The first reference to the Hedal Stave Church is from 1327. The original church was a much smaller single nave church built second half of 12th century. The west entrance remains from the original church. The front portal is one of the oldest, most richly ornamented and among the most beautiful in the whole country. It takes the form of three winged dragons, one on each side of the arch and pilasters of the entrance and one above, all elaborately intertwined in a tendril and leaf pattern.
The remodelling and expansion of original building into a cruciform church is believed to have been completed in 1699, although some sources claim 1738. Restoration work was done during 1902 under direction of Carl Berner. During the restoration work, the previous sacristy was replaced with a new choir, and the new parts were enclosed in an ambulatory.
Within the church there is also a reliquary, made of wood in ths shape of a miniature church (called a chasse) with gilt-brass mountings and with scenes from the Bible and the martyrdom of Thomas Becket, possibly a clue as to whose relics the reliquary was originally made to contain. Like the stave churches themselves the reliquary is ornamented with dragon-heads on its gables, a feature which several Norwegian medieval reliquaries share and which might have been originally inspired by similar dragon-heads on the silver gilt reliquary of St. Olav on the enshrined on the high altar of the Nidaros Cathedral. This reliquary was the principal source of inspiration for coat of arms of Sør-Aurdal. Another source of inspiration for this coat of arms was the Reinli stave church. Also preserved in the church is the wooden litter for bearing this reliquary in processions, as well as a brass censer with Limoges enamel and a wooden pax-board.
The soapstone baptismal font, with its conical wooden lid, is of gothic style and is still in use. On a special mount on the wall of the church is a statue of the Virgin Mary, crowned and dressed in a golden robe lined with vair and holding the similarly crowned and robed Christ Child enthroned on her lap. The statue dates from the early thirteen century as does the wooden tabernacle in the form of a church. The Hedal church was originally dedicated to the Virgin Mary and this statue originally stood on the principal altar in the apse in front of a polytych painted with scenes of her life, which could be closed over it during times of fasting. This polytych was repainted in the Baroque period and now forms the altarpiece, in front of which is displayed a medieval crucifix of Christ on the cross in the shape of a stylized tree of life. Both the statue of the Virgin and Child and the crucifix are among the most beautiful works of medieval art to survive from the Norwegian Middle Ages.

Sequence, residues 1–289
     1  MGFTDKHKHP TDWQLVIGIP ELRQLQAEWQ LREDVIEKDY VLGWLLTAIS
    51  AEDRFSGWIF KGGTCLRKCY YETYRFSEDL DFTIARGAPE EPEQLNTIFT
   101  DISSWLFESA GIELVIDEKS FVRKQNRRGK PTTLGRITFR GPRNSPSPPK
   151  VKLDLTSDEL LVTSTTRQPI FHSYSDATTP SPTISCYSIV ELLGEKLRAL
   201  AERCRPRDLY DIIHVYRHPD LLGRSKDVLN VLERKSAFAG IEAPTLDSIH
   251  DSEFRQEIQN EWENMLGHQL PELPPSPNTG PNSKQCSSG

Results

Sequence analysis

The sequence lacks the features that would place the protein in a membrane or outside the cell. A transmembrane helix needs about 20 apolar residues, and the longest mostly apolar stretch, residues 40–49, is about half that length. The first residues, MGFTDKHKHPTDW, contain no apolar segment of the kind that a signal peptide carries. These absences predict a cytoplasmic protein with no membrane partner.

The Virgin and Child statue has been recently restored by the Norwegian Historical Museum and after much controversy, over whether it stood remain its collection, it is back in the church, safely placed on a special mount. There was also a replica of the made at the same time as its restoration in 1990 which is placed on display if weather conditions makes the original's safe storage necessary.References:
Roman Walls of Lugo are an exceptional architectural, archaeological and constructive legacy of Roman engineering, dating from the 3rd and 4th centuries AD. The Walls are built of internal and external stone facings of slate with some granite, with a core filling of a conglomerate of slate slabs and worked stone pieces from Roman buildings, interlocked with lime mortar.
Their total length of 2117 m in the shape of an oblong rectangle occupies an area of 1.68 ha. Their height varies between 8 and 10 m, with a width of 4.2 m, reaching 7 m in some specific points. The walls still contain 85 external towers, 10 gates (five of which are original and five that were opened in modern times), four staircases and two ramps providing access to the walkway along the top of the walls, one of which is internal and the other external. Each tower contained access stairs leading from the intervallum to the wall walk of town wall, of which a total of 21 have been discovered to date.
The defences of Lugo are the most complete and best preserved example of Roman military architecture in the Western Roman Empire.
Despite the renovation work carried out, the walls conserve their original layout and the construction features associated with their defensive purpose, with walls, battlements, towers, fortifications, both modern and original gates and stairways, and a moat.
Since they were built, the walls have defined the layout and growth of the city, which was declared a Historical-Artistic Ensemble in 1973, forming a part of it and becoming an emblematic structure that can be freely accessed to walk along. The local inhabitants and visitors alike have used them as an area for enjoyment and as a part of urban life for centuries.
The fortifications were added to UNESCO"s World Heritage List in late 2000 and are a popular tourist attraction.